A single PCP staff measurement was compared to the mean of the SC three measurements. The mean difference between the SC first measurement and the average of the SC three measurements was −0.008 (first − average) with a 95% confidence interval of −0.02 to 0.004. The narrow width of this confidence interval around zero suggests that the two variables were extremely close in value and did not affect the results.
Significantly more children were measured with correct technique 3 months after the intervention; 54% in the IG versus 23% in the CG (p < 0.0005). At the 6 month visit, 74% of children in the IG and 26% of children in the CG were measured with correct technique (p < 0.0005) (fig 2). Accuracy of measurements was also greatly improved from a mean difference between the measurements by the PCP staff and the site coordinators of 1.2 cm at baseline to 0.5 cm at 6 months (table 4). Post-intervention, significantly more measurements were accurate; 55% of the children measured in the IG practices, and 37% of the children measured at the CG practices were measured accurately at 3 months (p = 0.003). By 6 months, 70% of the children measured in the IG practices and 34% of the children measured in the CG practices were measured accurately (p < 0.0005) (fig 3). The intervention effect was stronger with time. The unadjusted odds ratio of accuracy for intervention group versus control group was 2.1 (3 mth) and 4.5 (6 mth).
Multivariate analysis showed that age of the child was associated with accuracy of measurement. For each five year increase in the child’s age, children were 1.3 times more likely to be measured accurately (p = 0.005). Educational background of the measurer was also associated with accuracy of measurement (p = 0.002). Registered nurses were twice as likely as measurers of other educational backgrounds to be accurate at 3 months (p = 0.01). A generalised estimating equation (GEE) was used to control for age of the child and educational background of the measurer in assessing the effect of the intervention. By 6 months, the IG was twice as likely to use correct technique and five times as likely to be accurate compared to CG when controlling for child’s age, measurers’ education, and repeated measures (p < 0.0005, p < 0.0005). A GEE was used to assess any differences based on multiple practices. The intervention remained significant, and the estimate of the regression coefficient associated with the interaction between the intervention group and practice was within 10%.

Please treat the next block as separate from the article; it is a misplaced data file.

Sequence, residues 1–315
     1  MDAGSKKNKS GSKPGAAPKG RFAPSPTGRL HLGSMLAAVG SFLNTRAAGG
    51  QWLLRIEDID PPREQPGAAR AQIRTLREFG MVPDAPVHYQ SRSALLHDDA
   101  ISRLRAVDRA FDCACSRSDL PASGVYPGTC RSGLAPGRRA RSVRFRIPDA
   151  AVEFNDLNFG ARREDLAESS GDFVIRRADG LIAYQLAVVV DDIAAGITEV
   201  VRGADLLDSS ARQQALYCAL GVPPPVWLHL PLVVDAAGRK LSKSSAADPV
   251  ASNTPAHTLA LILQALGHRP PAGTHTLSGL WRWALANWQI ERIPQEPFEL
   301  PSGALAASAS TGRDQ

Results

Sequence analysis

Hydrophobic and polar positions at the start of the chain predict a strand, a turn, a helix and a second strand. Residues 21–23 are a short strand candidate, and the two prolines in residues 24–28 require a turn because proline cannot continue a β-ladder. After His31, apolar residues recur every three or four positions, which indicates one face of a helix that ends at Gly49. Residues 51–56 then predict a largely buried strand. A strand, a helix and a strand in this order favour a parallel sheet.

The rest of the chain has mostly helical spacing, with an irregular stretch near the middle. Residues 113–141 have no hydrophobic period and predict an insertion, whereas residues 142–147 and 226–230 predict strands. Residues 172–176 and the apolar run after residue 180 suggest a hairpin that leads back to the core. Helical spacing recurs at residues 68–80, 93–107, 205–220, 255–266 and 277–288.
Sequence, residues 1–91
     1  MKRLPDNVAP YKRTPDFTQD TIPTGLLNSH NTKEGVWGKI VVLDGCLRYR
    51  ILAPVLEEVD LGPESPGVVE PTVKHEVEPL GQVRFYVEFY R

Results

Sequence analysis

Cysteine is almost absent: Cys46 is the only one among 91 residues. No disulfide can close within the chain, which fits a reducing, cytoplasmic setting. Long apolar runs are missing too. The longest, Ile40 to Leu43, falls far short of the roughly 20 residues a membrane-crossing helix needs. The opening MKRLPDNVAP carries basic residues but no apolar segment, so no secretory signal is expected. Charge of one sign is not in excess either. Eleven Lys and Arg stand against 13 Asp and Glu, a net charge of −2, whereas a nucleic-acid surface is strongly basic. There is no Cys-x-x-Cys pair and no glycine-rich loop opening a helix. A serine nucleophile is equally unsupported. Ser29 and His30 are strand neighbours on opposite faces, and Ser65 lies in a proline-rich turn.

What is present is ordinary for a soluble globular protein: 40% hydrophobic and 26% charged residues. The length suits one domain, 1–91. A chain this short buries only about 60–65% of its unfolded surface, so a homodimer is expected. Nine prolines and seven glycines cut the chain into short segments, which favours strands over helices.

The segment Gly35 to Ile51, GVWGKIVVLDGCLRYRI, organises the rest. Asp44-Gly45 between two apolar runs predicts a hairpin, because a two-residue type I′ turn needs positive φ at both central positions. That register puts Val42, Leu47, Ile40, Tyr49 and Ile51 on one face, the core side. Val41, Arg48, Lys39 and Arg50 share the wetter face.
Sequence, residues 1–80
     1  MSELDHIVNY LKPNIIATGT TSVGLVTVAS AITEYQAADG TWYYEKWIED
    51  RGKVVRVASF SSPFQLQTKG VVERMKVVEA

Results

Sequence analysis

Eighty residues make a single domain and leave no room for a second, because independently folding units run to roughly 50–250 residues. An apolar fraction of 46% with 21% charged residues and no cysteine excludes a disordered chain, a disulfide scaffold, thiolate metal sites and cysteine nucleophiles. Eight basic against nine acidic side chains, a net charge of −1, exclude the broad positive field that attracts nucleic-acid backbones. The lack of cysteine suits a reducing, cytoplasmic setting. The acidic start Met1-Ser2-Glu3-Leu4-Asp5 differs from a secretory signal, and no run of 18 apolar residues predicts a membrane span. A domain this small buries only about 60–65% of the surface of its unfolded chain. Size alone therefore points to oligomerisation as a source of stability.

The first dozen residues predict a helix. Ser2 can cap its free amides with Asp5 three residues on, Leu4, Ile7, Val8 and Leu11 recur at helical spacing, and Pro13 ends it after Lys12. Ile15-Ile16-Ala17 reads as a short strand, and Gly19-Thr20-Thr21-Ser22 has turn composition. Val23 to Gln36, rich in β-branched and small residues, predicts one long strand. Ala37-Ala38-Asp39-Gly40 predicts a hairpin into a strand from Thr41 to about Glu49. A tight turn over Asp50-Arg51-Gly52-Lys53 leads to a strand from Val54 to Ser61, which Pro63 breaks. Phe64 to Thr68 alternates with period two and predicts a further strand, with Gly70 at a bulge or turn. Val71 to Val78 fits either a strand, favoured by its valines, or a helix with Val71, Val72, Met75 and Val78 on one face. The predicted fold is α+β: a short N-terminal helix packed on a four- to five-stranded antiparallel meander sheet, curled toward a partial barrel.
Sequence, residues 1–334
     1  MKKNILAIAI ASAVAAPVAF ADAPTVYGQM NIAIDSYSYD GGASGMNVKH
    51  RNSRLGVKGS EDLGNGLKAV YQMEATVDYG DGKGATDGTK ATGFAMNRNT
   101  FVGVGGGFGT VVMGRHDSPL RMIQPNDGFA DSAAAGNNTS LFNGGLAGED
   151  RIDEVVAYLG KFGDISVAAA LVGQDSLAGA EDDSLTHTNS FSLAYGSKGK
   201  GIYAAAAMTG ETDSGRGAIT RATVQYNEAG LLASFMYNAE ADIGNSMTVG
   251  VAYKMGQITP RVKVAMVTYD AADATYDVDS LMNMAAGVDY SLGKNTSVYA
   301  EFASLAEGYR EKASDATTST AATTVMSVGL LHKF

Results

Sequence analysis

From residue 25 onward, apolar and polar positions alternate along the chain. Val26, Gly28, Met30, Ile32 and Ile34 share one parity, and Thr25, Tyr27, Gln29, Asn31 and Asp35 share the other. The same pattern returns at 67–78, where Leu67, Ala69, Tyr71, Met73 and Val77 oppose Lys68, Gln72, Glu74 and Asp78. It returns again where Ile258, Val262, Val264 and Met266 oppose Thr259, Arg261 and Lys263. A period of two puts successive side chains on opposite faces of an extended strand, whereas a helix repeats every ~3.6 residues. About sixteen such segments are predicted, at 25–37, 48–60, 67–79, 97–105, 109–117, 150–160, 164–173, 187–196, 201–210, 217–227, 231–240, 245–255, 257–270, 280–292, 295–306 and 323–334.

Our intervention programme significantly improved the accuracy of linear measurements in primary care practices. The findings from this study show that, in primary care practices, many children are measured with inaccurate equipment and incorrect technique which results in inaccurate measurements. Most of the equipment used by practitioners in this study cannot yield accurate measurements because of the inherent inaccuracy of the equipment. The floppy arm of a balance scale, used to measure the height of 30% of the children, is flawed because there is no fixed right angle at the head and no backboard to stabilise the child’s posture. The equipment used to measure length is even more inaccurate. Marking examining room paper at the head and foot while the child lay on a cushioned exam table was the method used to measure the length of 48% of the children in the study. This method is extremely inaccurate because of the movement of the child and the crevices formed on the paper as the child lies on the mattress. This inexact method partially explains the greater degree of inaccuracy when younger children are measured. We did not obtain data to determine why primary care practitioners used inaccurate equipment, although we believe that the degree of inaccuracy caused by poor equipment is generally unknown.
Our finding that incorrect technique used when obtaining linear measurements is a major factor contributing to inaccuracy, has also been shown by others.4,6,7 Measurements of 70% of the children were obtained with inaccurate technique ranging from the child wearing shoes, to the feet being splayed during measurement. Even when using state of the art equipment, incorrect technique yields inaccurate measurements. It appears the reason for failure to use correct technique was lack of knowledge. It is important to note that at 3 months, registered nurses were significantly more likely to obtain accurate measurements than measurers with other educational backgrounds. The education of registered nurses may include lectures on normal growth, growth disorders, and the importance of linear measurement, which could increase their motivation to obtain measurements using correct technique.